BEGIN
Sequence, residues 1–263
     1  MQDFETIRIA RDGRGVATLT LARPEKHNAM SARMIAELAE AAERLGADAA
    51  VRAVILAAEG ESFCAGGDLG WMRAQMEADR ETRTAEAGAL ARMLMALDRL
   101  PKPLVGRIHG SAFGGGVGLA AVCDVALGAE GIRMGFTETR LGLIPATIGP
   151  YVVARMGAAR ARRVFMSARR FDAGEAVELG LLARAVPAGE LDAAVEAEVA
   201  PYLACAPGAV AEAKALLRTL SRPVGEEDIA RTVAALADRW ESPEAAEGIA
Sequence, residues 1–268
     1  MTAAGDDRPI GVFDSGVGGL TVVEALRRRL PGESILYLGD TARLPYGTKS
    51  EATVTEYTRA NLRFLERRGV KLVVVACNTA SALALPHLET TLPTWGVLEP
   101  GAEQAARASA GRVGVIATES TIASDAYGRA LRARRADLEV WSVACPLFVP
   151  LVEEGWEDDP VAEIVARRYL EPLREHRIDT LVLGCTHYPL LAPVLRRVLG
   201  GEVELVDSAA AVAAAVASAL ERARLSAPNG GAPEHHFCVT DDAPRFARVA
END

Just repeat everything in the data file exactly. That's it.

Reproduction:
Sequence, residues 1–263
     1  MQDFETIRIA RDGRGVATLT LARPEKHNAM SARMIAELAE AAERLGADAA
    51  VRAVILAAEG ESFCAGGDLG WMRAQMEADR ETRTAEAGAL ARMLMALDRL
   101  PKPLVGRIHG SAFGGGVGLA AVCDVALGAE GIRMGFTETR LGLIPATIGP
   151  YVVARMGAAR ARRVFMSARR FDAGEAVELG LLARAVPAGE LDAAVEAEVA
   201  PYLACAPGAV AEAKALLRTL SRPVGEEDIA RTVAALADRW ESPEAAEGIA
Sequence, residues 1–268
     1  MTAAGDDRPI GVFDSGVGGL TVVEALRRRL PGESILYLGD TARLPYGTKS
    51  EATVTEYTRA NLRFLERRGV KLVVVACNTA SALALPHLET TLPTWGVLEP
   101  GAEQAARASA GRVGVIATES TIASDAYGRA LRARRADLEV WSVACPLFVP
   151  LVEEGWEDDP VAEIVARRYL EPLREHRIDT LVLGCTHYPL LAPVLRRVLG
   201  GEVELVDSAA AVAAAVASAL ERARLSAPNG GAPEHHFCVT DDAPRFARVA